When it comes to helping a parent — or close friend — face that first holiday season without a beloved spouse, Vicki Panagotacos, a life transition and grief and loss counselor based in Los Gatos, Calif., suggests talking as early as possible about how the holiday will be observed.
“Often the immediate family will agree to celebrate the holidays in a different way the first year,” Panagotacos said. Someone who has just lost a spouse shouldn’t have to feel obligated to decorate and recreate the family holiday tradition, especially the first year or two after the loss. “It might be wise for another person to volunteer to coordinate the main activities the first holiday after the death,” she said.
“The grieving spouse should speak honestly to family and friends when they are invited to join holiday activities,” Panagotacos said. “Everyone will feel more comfortable with what ultimately might transpire if the widow or widower warns their hostess that they may feel the need to cancel at the last minute. And if they agree to attend, they want the option of leaving early. Forewarned, the hostess can support the grieving individual’s desire to leave and allow them to slip out without fanfare.”
Panagotacos noted that the greatest gift the recently bereaved can be given is support. “The holiday season is a grueling time for those who are grieving,” she said. “There is little comfort to be received, but there is a lot of support that can be provided. While it is a natural inclination to want to comfort a person who is in emotional pain, words of reassurance sound shallow to a person experiencing fresh grief.”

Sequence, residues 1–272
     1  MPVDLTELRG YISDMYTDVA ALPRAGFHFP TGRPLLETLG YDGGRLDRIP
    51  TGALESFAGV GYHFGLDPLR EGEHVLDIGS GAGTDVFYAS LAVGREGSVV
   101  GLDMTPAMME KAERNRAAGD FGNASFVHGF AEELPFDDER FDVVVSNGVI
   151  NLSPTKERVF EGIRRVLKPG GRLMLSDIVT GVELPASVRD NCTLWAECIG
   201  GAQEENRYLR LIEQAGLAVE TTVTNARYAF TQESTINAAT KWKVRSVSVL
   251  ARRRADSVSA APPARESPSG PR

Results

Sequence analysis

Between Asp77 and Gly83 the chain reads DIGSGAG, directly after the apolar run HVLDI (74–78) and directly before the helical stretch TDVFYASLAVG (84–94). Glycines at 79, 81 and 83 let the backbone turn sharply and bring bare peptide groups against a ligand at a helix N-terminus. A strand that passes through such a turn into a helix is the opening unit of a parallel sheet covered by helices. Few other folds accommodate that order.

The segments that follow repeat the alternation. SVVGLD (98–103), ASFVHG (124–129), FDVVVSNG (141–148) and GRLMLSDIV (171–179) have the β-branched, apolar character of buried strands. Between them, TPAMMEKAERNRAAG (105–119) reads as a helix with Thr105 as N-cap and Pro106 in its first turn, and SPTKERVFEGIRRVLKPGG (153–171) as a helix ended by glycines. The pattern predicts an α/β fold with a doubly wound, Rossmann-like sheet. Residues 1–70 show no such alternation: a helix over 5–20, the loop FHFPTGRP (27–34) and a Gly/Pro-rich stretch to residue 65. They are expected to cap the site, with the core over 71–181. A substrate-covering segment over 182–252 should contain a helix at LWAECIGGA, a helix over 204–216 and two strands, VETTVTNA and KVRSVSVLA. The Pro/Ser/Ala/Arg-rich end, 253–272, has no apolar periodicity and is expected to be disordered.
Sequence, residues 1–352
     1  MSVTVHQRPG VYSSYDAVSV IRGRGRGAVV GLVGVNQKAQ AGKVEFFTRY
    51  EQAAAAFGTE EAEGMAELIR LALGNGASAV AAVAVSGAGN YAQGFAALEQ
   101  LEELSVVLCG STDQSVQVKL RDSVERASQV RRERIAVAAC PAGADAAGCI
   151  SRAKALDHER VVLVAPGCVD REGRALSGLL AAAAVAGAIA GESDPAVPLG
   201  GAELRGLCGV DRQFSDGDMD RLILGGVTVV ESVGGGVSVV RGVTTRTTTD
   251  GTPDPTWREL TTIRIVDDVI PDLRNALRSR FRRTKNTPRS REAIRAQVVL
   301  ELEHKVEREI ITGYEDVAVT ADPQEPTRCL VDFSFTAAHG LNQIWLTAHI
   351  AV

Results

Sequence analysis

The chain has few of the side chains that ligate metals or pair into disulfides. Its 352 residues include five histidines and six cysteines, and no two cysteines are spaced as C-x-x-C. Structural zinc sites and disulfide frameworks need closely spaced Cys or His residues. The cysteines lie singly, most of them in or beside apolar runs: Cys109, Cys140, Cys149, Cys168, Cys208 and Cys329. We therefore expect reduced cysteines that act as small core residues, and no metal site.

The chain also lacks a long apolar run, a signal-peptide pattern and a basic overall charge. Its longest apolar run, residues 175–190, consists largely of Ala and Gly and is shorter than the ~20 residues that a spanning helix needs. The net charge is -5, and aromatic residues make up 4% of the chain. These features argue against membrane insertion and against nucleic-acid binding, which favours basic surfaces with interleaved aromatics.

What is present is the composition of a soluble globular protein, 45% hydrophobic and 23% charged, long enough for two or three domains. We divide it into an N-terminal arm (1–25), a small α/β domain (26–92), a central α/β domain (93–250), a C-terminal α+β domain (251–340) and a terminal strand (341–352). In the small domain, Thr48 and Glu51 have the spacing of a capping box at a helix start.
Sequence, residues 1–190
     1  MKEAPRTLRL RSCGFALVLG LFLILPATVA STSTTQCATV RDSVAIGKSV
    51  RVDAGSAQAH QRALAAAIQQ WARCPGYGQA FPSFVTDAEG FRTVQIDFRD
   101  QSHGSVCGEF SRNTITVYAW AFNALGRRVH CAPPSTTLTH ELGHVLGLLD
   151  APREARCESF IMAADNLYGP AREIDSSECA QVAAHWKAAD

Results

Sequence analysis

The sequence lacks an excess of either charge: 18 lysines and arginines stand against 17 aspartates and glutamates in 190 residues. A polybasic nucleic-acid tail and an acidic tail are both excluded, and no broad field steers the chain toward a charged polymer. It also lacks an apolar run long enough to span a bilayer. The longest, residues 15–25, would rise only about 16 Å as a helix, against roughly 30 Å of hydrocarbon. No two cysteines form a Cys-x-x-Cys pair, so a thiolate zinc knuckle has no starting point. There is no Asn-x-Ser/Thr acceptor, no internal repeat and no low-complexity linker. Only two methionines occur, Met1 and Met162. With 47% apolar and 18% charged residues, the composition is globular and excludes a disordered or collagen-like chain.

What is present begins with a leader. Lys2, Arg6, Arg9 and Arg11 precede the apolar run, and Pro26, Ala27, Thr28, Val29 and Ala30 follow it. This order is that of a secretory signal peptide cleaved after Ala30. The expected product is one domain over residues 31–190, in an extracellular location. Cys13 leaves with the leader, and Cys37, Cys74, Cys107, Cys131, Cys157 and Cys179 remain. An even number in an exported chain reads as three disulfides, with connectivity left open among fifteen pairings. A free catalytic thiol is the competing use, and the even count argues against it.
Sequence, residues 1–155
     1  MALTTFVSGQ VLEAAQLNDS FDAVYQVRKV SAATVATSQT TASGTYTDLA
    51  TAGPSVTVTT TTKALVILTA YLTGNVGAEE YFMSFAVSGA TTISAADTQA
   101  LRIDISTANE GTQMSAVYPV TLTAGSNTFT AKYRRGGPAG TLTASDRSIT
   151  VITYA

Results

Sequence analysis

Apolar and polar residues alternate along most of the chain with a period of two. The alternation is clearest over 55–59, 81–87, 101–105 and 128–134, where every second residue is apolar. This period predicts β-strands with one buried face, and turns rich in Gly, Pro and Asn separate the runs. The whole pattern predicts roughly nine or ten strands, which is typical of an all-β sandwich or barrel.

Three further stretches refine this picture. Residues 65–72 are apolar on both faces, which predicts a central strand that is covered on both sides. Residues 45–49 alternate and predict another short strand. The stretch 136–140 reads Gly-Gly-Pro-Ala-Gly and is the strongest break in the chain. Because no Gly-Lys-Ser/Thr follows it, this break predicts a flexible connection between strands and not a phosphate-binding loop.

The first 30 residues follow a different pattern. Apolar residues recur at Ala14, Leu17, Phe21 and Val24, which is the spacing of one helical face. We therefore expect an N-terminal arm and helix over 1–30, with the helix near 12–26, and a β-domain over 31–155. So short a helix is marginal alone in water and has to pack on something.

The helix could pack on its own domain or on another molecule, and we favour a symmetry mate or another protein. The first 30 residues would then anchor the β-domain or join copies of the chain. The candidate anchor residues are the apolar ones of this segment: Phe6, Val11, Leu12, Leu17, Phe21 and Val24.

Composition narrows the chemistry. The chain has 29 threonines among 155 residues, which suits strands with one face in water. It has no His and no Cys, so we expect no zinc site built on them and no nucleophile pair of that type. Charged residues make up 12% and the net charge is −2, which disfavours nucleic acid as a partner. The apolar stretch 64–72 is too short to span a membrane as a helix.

She said some of her clients have told her they felt stunned when they attended a holiday gathering and no one mentioned their lost loved one.
“Generally family and friends don’t bring up the deceased for fear of upsetting the surviving spouse,” Panagotacos said. “Does it work? Of course not. Everyone is upset and should be. It is healing to admit the holiday is just not the same without their loved one, and it is a good time for each person to tell their favorite holiday story of the deceased doing something warm, wonderful or funny.” — By Brian Goslow